This month, I will deliver my first born — a son. I have not even met him yet, but I already love him more than anyone in my life. I can only imagine how my feelings will be magnified in the coming months and years, but already I feel fiercely protective and hopeful and nervous for him.

I watched the national spectacle between Dr. Christine Blasey Ford and Judge Brett Kavanaugh with dread. As a country, we are divided on so many issues, but gender violence, sexual assault, and what to make of public accusations like these affects people deeply on all sides. Battle lines are drawn, and rational thought escapes us as we defend our own — either based on political party or gender, or both.

On one side, people are celebrating Dr. Blasey Ford’s courage: naming all the barriers for survivors to come forward and tell their story and acknowledging the horrific impact this has had on her. On the other side, people are worried about the precedent of one person’s narrative being able to derail someone’s life.

Despite the often repeated trope that this will “ruin his life,” the truth is, 99.4 percent of rapes have no criminal consequence for the perpetrator.

Case in point, Brett Kavanaugh has just been confirmed to the highest court of the land. Far from being ruined, his life, his power is exponentially increased. He is a powerful reminder that one woman’s story of being forcefully pushed onto a bed and laughed at as a boy tries to rape her may make a headline, might move people, might even be believed by many, but ultimately, it cannot impact the course of his life.

This is the status quo in our country. What we witnessed is the same dynamic that has been at play for centuries, dramatically splashed across the news: She accuses, he is angry, he wins.

I have listened to the outcry for the due process rights that the accused deserve. To be clear, the Supreme Court confirmation hearing in the Senate was not a court of law; it was a job interview. There is no “due process” in this context. The standard of evidence that would sway the committee one way or another is whatever they say it is. But even here, with little to no legal trappings, evidentiary standards, or due process — it was clear to me that Dr. Blasey Ford’s testimony was never going to change the trajectory of Judge Kavanaugh’s confirmation. Not because of politics but because of power.

Once again, we have seen affirmed that those with more money, power, and privilege are always going to have the upper hand in a court of law, in the workplace, or in any institution. Those with more power are the ones who set the rules, enforce the laws, and decide who should be believed. The fact that the point was debated over another white male joining the Supreme Court is thick with irony. He’s one more powerful, privileged man in charge of making the rules. Rules we can fully expect to protect the status quo.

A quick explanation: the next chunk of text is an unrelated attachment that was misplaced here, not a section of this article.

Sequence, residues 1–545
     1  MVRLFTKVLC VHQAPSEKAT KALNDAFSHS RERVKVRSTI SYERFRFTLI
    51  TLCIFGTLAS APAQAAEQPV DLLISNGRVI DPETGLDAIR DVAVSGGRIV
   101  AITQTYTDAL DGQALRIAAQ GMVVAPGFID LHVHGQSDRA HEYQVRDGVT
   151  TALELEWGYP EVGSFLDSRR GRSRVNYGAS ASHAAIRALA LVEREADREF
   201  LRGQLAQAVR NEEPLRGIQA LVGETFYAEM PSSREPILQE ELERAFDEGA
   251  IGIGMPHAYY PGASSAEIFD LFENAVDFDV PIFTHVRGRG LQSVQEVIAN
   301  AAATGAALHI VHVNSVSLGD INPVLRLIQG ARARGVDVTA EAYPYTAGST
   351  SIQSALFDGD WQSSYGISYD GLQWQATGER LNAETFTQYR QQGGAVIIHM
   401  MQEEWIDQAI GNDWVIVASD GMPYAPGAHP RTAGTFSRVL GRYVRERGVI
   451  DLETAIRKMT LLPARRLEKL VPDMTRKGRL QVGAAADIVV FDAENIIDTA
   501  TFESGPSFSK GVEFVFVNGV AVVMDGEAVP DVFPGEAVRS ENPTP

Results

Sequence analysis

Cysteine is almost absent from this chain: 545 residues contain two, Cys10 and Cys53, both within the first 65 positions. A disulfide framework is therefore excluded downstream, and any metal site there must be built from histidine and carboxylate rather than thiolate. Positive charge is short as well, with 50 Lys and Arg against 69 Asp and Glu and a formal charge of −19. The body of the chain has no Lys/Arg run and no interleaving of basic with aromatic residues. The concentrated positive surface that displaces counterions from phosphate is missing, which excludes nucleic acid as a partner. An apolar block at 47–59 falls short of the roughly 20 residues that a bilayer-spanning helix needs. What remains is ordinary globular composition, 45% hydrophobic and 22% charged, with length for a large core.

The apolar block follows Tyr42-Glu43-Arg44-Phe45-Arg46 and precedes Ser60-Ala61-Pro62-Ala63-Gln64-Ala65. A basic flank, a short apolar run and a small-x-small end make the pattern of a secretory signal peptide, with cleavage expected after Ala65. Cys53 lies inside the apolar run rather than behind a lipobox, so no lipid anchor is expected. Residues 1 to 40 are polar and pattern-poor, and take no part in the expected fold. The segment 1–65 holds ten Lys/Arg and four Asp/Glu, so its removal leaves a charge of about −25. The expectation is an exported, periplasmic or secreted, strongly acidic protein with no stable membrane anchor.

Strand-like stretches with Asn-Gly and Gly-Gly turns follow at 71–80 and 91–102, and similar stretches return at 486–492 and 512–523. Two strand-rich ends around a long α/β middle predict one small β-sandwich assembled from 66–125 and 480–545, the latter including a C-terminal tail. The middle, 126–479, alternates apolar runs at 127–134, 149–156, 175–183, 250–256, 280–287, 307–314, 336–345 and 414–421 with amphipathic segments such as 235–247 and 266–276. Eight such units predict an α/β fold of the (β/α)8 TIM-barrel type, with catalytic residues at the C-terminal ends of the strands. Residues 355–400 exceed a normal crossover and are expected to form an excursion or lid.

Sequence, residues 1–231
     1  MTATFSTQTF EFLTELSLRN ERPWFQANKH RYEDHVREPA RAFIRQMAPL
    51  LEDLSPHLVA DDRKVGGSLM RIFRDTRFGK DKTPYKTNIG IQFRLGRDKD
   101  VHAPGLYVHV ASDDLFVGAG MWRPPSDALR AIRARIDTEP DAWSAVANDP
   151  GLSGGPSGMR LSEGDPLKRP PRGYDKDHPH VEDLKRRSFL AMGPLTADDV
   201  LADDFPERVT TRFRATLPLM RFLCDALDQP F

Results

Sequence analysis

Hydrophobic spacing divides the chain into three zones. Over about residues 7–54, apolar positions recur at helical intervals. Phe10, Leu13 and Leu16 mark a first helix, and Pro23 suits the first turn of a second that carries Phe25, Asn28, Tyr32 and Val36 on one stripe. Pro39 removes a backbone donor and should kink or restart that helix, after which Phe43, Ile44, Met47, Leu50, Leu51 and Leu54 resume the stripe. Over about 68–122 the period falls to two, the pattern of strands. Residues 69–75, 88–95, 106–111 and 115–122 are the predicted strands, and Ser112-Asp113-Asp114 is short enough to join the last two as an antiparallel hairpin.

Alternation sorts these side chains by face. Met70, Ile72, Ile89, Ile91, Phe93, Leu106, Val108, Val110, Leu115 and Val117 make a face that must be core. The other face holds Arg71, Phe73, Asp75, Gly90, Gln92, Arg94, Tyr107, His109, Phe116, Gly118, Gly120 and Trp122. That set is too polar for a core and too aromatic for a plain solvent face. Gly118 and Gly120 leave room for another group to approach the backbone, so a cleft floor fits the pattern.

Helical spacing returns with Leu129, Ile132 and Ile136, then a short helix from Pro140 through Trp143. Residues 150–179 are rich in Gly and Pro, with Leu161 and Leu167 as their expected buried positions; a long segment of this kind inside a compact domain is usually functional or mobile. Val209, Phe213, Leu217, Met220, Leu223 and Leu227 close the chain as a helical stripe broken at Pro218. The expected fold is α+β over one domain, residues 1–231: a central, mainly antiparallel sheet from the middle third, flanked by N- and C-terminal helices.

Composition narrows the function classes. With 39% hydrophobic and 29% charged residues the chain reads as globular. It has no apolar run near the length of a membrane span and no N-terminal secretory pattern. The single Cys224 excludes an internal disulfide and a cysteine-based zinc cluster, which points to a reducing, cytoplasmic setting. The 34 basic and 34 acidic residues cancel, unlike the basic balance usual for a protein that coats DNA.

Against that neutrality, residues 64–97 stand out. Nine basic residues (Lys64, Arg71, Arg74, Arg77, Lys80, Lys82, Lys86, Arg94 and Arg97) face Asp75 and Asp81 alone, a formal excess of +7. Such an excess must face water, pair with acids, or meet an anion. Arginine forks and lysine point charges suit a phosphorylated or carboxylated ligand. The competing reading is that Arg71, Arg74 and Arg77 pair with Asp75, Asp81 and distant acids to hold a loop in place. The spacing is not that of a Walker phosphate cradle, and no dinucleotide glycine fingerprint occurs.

Neutrality is a nice ideal — but does not exist in a system flawed by power imbalance. Impartiality allows us all to remain silently, unquestioningly, within the status quo. But the scales of justice will always tip toward those with power. If we are ever going to change or lessen crimes of injustice and abuse —our understanding of “neutrality” must be adjusted. Otherwise, the Brett Kavanaughs of the world will continue to be promoted.

And yet, the President of the United States said on national television that this is a “very scary time for young men in America.” Really?

For anyone worried about a son being falsely accused of rape, ground yourself in some statistics. Your son, my son, has a 17 percent chance of experiencing sexual abuse during his lifetime. He has a 20 percent chance of hitting a partner. He has a 0.03 percent chance of being struck by lightning. But if he were accused of sexual assault, he has a 2 percent chance it would be false.

I am nervous for my son, but not because he may be falsely accused of rape. What unnerves me is to raise him in a society that does not follow through with consequences for male violence, that pays lip service to sexual assault and pretends to be outraged, but then raises the accused to positions of power — like the Supreme Court or the Presidency. I am worried about him feeling the intense pressure of masculinity and forgetting or not noticing how his actions are impacting those around him.

Instead of being scared or hopeless, I want us to put our love for our boys to good use, to teach them to recognize male violence. Let’s teach our boys to be powerful allies, to be able to apologize when their words or behavior hurt others, and to learn and grow from mistakes — to be gentle and loving and open to being challenged by others, especially women.

This is what I am going to try to teach my son.


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